Fortunately, books on parenting gifted children are available, and one of the very best is A Parent's Guide to Gifted Children.
- Defining Giftedness
- Characteristics of Gifted Children
- Communication: The Key to Relationships
- Motivation, Enthusiasm, and Underachievement
- Establishing Discipline and Teaching Self-Management
- Intensity, Perfectionism, and Stress
- Idealism, Unhappiness, and Depression
- Acquaintances, Friends, and Peers
- Family Relationships: Siblings and Only Children
- Values, Traditions, and Uniqueness
- Complexities of Successful Parenting
- Children Who are Twice-Exceptional
- How Schools Identify Gifted Children
- Finding a Good Education Fit
- Finding Professional Help
James T. Webb, Janet L. Gore, Edward R. Amend, and Arlene R. DeVries.
Great Potential Press, Inc. 2007
Hardcover ISBN: 978-0-910707-79-4
Paperback ISBN: 978-0-910707-52-7
Guide Review - Book Review: A Parent's Guide to Gifted Children
Three of the other chapters of the book -- one on communication, one on discipline, and one on the complexities of successful parenting -- are about parenting a gifted child. Each of these chapters provides specific strategies parents can use. Some of the strategies, such as setting limits, can also be found in the typical parenting book, but in A Parent's Guide to Gifted Children, the impact of those strategies on gifted children are usually provided. For example, the authors advise parents to avoid sarcasm since the intense sensitivity of many gifted children can cause them to be deeply hurt by it.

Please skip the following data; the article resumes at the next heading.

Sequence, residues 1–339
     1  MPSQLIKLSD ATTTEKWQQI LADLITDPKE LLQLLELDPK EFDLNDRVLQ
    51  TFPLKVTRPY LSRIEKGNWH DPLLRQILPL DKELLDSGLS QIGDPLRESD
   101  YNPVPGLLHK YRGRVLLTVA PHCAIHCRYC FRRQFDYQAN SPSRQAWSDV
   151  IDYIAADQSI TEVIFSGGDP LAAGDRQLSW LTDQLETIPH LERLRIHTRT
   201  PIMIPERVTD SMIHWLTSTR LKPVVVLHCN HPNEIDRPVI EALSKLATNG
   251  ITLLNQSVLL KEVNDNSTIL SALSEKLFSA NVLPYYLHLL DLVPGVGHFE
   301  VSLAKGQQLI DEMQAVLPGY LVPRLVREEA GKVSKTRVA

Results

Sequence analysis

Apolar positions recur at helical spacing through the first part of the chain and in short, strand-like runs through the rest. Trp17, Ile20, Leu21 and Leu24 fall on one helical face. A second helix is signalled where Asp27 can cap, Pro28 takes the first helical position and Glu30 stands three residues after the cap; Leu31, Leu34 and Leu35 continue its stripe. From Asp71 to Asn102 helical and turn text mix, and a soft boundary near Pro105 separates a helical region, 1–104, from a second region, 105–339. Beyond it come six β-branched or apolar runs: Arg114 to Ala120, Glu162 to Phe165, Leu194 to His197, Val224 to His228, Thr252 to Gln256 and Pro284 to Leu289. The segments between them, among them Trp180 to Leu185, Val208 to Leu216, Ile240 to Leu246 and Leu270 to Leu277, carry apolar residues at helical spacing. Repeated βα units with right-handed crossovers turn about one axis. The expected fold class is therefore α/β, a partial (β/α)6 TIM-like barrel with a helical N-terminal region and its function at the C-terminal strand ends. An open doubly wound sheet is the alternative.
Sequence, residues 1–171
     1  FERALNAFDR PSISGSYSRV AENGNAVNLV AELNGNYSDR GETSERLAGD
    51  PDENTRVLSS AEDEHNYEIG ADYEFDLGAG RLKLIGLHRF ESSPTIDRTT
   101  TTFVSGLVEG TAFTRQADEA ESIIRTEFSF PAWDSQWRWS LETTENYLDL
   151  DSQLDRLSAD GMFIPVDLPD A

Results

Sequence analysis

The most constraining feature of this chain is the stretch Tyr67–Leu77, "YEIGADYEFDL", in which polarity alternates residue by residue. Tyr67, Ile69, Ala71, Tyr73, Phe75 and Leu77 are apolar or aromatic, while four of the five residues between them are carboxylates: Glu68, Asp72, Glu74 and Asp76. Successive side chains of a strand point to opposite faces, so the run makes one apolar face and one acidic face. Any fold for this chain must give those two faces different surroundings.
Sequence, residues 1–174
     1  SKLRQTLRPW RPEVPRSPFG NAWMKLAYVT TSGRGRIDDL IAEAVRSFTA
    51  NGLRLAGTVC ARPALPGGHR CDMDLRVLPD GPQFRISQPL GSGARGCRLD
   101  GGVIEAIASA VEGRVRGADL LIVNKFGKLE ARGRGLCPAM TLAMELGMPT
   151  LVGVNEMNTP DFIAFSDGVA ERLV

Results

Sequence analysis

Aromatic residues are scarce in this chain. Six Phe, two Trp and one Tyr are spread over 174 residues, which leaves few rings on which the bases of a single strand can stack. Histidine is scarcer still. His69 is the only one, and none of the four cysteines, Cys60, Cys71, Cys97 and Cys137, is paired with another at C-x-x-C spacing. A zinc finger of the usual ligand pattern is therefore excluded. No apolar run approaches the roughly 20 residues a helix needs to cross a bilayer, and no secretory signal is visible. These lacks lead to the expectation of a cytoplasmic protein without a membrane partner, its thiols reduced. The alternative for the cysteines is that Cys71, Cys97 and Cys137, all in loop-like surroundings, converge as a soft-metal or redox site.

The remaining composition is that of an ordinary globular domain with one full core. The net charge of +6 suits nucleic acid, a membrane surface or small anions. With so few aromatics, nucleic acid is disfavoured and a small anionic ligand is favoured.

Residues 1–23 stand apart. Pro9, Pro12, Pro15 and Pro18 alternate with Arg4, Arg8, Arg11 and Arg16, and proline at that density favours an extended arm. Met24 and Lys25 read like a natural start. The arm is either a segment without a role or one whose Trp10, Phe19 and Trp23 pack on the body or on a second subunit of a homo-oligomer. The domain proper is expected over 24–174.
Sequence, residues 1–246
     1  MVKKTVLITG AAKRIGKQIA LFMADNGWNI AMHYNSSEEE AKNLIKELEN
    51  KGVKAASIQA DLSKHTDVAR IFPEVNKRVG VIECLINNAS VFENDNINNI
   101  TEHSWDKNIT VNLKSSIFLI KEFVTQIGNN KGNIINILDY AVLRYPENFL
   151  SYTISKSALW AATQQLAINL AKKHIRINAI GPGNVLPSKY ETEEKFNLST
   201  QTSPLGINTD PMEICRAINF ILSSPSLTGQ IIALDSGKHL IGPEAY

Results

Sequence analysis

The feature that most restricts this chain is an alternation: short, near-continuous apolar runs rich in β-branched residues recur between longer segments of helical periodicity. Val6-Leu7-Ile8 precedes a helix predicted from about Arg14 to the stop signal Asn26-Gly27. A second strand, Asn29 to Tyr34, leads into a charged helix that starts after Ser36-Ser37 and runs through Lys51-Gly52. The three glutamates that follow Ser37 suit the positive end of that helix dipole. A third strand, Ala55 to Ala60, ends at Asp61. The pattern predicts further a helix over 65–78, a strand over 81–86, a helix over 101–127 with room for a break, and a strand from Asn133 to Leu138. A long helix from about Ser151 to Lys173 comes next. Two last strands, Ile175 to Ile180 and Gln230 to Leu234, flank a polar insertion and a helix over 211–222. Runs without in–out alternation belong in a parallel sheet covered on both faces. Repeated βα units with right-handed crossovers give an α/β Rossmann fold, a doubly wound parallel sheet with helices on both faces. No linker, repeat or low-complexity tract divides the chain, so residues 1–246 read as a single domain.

At some point, most gifted children will attend school and the chapters on school and education will help parents gain a basic understanding of both IQ and achievement tests and how schools use these tests to identify gifted children. One chapter describes the various programming options, such as differentiation, that schools use to accommodate gifted kids. This information is helpful for parents who need to advocate for their children to ensure that the children are getting appropriate educational services.
When parents first learn that their child is gifted, they may feel overwhelmed and unsure. The tone and language the authors use is both comforting and reassuring. Although the authors often refer to research, their discussions are clear and don't require any previous knowledge of giftedness, yet those who do have some knowledge of giftedness will still find plenty of useful information.
The one drawback to the book is that it does not have much discussion on profoundly gifted children. However, A Parent's Guide to Gifted Children is still one of the best books available on parenting gifted children. I truly wish this book had been available when my child was young.